Norwegian Air Shuttle announced yesterday that it will temporarily suspend Boeing 737 MAX flights, following recommendations by European aviation authorities.
The decision has come as a reaction to the Ethiopian Airlines disaster last weekend and second crashing of Boeing 737 MAX aircrafts in a short time. Norwegian Air Shuttle is one of the latest of the 40 airlines that operate the popular long-range twin-jet to announce a suspension of service.
“In response to the temporary suspension of Being 737 MAX operations by multiple aviation authorities we have taken the decision to not operate flights using this aircraft type until advised otherwise by the relevant aviation authorities,” Tomas Hesthammer, Norwegian’s acting Chief Operating Officer, said. “We would like to apologize to customers for any inconvenienced caused, however, safety will always remain our top priority.”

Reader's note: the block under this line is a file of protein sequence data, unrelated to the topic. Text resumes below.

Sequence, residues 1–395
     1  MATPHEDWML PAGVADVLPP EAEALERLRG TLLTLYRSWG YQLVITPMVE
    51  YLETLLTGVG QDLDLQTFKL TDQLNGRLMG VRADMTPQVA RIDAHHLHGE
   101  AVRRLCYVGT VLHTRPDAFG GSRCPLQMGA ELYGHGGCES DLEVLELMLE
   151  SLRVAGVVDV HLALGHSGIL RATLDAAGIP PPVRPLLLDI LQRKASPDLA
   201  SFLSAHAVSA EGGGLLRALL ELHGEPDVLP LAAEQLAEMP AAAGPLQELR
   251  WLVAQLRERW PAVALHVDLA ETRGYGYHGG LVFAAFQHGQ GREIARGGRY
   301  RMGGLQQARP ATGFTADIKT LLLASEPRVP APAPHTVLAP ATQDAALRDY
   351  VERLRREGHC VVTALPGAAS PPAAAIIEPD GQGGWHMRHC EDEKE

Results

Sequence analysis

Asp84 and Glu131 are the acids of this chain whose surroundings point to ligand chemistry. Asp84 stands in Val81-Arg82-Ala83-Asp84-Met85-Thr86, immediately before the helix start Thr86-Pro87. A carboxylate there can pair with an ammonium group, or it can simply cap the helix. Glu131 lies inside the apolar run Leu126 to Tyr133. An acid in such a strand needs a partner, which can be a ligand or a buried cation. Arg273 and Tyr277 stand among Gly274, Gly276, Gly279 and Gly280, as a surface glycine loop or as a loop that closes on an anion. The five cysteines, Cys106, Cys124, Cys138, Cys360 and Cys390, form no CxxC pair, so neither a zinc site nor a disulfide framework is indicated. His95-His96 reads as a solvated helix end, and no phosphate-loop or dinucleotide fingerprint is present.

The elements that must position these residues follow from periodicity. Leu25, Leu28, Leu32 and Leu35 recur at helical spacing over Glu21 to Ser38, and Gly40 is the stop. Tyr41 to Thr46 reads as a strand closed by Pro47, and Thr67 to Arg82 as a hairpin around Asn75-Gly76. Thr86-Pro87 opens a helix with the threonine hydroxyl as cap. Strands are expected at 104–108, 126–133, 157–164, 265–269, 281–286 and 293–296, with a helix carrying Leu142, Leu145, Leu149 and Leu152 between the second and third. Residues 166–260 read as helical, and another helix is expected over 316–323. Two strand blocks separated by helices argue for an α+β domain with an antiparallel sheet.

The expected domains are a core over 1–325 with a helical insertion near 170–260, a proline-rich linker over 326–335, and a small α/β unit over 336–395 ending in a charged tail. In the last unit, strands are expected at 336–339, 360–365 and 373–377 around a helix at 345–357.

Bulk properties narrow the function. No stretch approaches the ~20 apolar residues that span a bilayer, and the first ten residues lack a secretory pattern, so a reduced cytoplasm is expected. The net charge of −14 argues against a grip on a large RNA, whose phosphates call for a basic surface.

The airline said it “will not operate any flights with this aircraft type until further notice and they are in touch with aviation authorities and with Boeing for further recommendations.
Norwegian has 18 Boeing 737 MAX 8 in its fleet today. Norwegian received its first two 737 MAX aircraft in June of 2017, making the company the first European carrier to get the plane.
The company boasted that its 737 MAX 8 aircraft had 14% reduction in fuel use and CO2 emissions, 40% less noise, and 8% lower operating costs, ideal for Norwegian’s low-cost model, according to Forbes.
The airline hopes to have either its MAXes back or leased aircrafts to operate during the upcoming spring and summer travel season for avoiding distruption in its flights.